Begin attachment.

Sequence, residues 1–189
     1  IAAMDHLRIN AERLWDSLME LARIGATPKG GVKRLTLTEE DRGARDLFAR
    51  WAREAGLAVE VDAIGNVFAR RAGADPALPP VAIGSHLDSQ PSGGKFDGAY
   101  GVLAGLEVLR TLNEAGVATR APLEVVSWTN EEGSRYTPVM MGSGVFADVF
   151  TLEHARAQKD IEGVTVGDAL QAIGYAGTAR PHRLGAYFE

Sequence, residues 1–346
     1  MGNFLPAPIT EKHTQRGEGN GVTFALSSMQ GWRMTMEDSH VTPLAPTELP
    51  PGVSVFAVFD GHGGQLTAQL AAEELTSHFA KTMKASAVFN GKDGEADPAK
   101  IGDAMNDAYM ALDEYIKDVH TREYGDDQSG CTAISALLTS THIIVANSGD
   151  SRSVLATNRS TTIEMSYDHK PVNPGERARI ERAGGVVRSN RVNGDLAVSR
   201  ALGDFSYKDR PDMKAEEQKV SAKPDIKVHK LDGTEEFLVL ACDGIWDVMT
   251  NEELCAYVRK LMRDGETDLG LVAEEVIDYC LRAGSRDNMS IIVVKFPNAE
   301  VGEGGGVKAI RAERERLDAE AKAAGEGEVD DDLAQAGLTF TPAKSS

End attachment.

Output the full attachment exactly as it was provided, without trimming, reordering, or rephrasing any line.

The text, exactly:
Sequence, residues 1–189
     1  IAAMDHLRIN AERLWDSLME LARIGATPKG GVKRLTLTEE DRGARDLFAR
    51  WAREAGLAVE VDAIGNVFAR RAGADPALPP VAIGSHLDSQ PSGGKFDGAY
   101  GVLAGLEVLR TLNEAGVATR APLEVVSWTN EEGSRYTPVM MGSGVFADVF
   151  TLEHARAQKD IEGVTVGDAL QAIGYAGTAR PHRLGAYFE

Sequence, residues 1–346
     1  MGNFLPAPIT EKHTQRGEGN GVTFALSSMQ GWRMTMEDSH VTPLAPTELP
    51  PGVSVFAVFD GHGGQLTAQL AAEELTSHFA KTMKASAVFN GKDGEADPAK
   101  IGDAMNDAYM ALDEYIKDVH TREYGDDQSG CTAISALLTS THIIVANSGD
   151  SRSVLATNRS TTIEMSYDHK PVNPGERARI ERAGGVVRSN RVNGDLAVSR
   201  ALGDFSYKDR PDMKAEEQKV SAKPDIKVHK LDGTEEFLVL ACDGIWDVMT
   251  NEELCAYVRK LMRDGETDLG LVAEEVIDYC LRAGSRDNMS IIVVKFPNAE
   301  VGEGGGVKAI RAERERLDAE AKAAGEGEVD DDLAQAGLTF TPAKSS